Katanga, Commonwealth, Unity and other diseases.

For six months now, this post has been languishing in my drafts folder. What a wonderful time to publish it, now that one of the male-only halls is celebrating 50 years of being in existence. Unfortunate existence, I might add.

A good friend went to Unity Hall in KNUST to visit a childhood friend who had just entered the university as a first year student. He was accompanied by a young woman who was the first year student’s sister. They got to the entrance to the hall and decided to wait for him downstairs because his room was on the seventh floor and well, nobody enjoys going up six flights of stairs. The two visitors found a bench and sat on it.
Barely a minute later, they realized that there was a young man on the fifth floor of one of the blocks trying to get their attention. He was waving his arms about in a rather wild manner and shouting some words that they really couldn’t make out. Eventually, he rushed downstairs to confront them.
Apparently, the bench they were sitting on belonged to a certain god of Unity hall and no woman was allowed to touch it, let alone sit on it and this young warrior, pursuing a degree at the Kwame Nkrumah University of Science & Technology seemed to be the mouthpiece of this particular god.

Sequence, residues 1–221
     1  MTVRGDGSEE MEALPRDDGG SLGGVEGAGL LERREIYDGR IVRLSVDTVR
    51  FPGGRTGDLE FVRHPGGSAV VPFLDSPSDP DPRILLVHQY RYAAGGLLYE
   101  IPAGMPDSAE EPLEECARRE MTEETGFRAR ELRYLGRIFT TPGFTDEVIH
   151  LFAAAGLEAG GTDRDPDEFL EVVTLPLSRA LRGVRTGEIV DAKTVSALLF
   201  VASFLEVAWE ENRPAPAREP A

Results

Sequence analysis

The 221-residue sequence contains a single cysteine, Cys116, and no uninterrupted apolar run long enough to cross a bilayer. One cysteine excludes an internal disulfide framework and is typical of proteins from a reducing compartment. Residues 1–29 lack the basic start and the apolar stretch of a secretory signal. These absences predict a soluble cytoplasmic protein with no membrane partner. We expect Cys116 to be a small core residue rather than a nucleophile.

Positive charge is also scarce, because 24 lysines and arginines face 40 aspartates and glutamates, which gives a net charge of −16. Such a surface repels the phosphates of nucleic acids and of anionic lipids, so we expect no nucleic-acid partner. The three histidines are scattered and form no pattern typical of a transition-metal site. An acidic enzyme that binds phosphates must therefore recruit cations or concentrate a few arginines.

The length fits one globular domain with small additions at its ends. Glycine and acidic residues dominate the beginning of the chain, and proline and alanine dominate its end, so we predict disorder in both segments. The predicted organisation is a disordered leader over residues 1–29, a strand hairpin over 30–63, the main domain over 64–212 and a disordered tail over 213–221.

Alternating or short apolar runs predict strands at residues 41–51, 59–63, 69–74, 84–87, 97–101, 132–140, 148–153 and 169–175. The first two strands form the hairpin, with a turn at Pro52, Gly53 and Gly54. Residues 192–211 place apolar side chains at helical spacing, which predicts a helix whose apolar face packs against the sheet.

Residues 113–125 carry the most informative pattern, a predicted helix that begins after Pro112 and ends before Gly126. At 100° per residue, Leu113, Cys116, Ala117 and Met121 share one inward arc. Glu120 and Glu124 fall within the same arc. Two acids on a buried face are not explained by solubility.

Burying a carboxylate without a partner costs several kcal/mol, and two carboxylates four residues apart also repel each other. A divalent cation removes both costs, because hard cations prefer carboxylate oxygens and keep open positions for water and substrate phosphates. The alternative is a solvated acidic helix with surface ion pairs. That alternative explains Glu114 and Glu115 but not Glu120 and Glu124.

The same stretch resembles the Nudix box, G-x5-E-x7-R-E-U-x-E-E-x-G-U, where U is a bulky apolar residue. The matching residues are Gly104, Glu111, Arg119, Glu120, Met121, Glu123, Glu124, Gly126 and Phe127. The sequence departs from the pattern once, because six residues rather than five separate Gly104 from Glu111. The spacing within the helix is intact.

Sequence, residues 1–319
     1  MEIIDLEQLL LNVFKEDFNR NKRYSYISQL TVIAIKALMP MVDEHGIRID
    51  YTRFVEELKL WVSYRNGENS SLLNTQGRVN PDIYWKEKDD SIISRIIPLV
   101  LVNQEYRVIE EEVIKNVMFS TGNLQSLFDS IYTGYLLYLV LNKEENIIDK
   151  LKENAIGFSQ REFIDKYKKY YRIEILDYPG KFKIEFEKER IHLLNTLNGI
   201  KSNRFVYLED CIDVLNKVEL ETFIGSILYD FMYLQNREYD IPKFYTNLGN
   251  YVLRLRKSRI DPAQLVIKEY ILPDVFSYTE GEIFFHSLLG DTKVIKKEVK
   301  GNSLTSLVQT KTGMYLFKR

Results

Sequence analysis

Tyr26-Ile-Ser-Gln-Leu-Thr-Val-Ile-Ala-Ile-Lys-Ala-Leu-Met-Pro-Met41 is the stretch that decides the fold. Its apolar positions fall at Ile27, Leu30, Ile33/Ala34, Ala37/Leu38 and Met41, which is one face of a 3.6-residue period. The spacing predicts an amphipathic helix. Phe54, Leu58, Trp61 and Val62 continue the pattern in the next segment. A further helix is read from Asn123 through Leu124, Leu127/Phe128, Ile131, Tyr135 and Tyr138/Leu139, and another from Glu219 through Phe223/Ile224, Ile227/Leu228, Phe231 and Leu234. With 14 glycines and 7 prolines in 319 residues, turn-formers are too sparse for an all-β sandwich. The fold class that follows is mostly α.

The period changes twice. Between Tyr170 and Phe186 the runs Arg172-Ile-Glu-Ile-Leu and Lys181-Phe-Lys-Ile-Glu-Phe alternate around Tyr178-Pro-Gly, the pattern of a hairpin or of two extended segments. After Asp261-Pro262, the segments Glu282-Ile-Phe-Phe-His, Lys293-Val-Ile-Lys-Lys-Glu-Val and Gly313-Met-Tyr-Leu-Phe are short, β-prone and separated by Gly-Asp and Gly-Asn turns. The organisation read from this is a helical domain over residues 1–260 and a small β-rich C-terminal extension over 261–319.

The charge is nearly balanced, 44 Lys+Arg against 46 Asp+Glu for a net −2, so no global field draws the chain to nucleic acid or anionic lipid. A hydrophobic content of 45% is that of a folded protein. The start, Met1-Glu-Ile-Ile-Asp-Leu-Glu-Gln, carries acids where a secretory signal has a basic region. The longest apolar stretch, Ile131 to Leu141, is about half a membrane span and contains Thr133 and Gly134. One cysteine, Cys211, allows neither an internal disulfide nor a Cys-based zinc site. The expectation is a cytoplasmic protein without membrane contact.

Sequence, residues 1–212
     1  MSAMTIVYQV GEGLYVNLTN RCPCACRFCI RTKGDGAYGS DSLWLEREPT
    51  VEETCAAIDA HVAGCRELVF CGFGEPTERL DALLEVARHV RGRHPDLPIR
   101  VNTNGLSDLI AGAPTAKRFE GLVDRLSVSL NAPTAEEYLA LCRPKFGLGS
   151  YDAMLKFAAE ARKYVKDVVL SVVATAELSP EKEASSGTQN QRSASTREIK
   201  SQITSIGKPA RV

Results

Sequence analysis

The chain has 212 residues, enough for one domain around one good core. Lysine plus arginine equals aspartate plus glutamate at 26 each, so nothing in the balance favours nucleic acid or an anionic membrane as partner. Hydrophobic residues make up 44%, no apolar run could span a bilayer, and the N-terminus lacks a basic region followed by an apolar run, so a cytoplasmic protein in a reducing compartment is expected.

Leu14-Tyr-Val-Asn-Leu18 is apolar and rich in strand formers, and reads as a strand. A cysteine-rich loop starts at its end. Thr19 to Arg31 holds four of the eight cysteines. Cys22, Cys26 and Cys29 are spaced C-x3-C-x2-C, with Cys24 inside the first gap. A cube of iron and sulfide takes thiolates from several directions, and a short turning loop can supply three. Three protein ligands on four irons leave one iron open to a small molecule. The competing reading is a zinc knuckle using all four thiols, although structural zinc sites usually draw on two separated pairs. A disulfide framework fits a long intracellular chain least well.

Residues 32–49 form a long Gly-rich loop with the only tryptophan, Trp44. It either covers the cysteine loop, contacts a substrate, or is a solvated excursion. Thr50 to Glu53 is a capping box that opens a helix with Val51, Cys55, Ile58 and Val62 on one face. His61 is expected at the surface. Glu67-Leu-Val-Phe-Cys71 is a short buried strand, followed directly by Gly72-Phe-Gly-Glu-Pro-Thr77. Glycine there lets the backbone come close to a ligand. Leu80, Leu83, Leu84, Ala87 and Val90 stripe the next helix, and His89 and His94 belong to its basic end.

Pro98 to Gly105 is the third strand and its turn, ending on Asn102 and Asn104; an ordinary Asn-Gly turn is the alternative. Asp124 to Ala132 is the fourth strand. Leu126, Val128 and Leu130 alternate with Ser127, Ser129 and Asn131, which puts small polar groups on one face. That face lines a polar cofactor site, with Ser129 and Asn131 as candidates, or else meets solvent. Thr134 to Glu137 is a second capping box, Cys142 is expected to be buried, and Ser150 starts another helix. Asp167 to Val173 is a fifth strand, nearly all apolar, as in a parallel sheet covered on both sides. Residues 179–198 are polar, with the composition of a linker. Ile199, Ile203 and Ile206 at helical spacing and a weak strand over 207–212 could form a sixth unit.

My friend was livid, and justifiably so. He thought it was nonsense and said so without mincing words. They got off the bench, but the young woman took offence at the way the mouthpiece of the gods acted. She demanded an apology for his rudeness. To cut a long story short, Mr. Mouthpiece of the god nearly hit her. Were it not for my friend and a few passersby, the young lady might have received some ‘hot and dirty’ slaps.
Most girls that have attended KNUST know too well what happens when they enter the male-only halls. They get an earful of profanities, lewd gestures and remarks, insults, wolf whistles and the like. Someone actually had a guy come out of his room, stand in front of her and grab his penis! Oh did I mention he was stark naked? I myself have had a rather nasty experience at Commonwealth hall in the University of Ghana which I won’t narrate because I really do not want to relive that experience.
And all the primitive, backward, and stupid ‘rituals’ and ‘traditions’!! Oh let me list… Things like Vandalism… Instances of ‘shit bombing’… I’m getting worked up.
I wish I had the time, energy and finger muscles needed to share more horror stories with you but I don’t, so I’ll conclude.
These halls are nurturing a whole lot of , to quote a great man, ‘ avoidable’ graduates. To be honest, and to be fair, a large number of my male friends were in these halls and turned out really well. To be honest, and to be fair, these friends did not take part.in the nonsense that is so routine in these halls. It doesn’t take a rocket scientist to figure out why they turned out well.
So here’s my little bit, on Katanga, Commonwealth Unity and other diseases.

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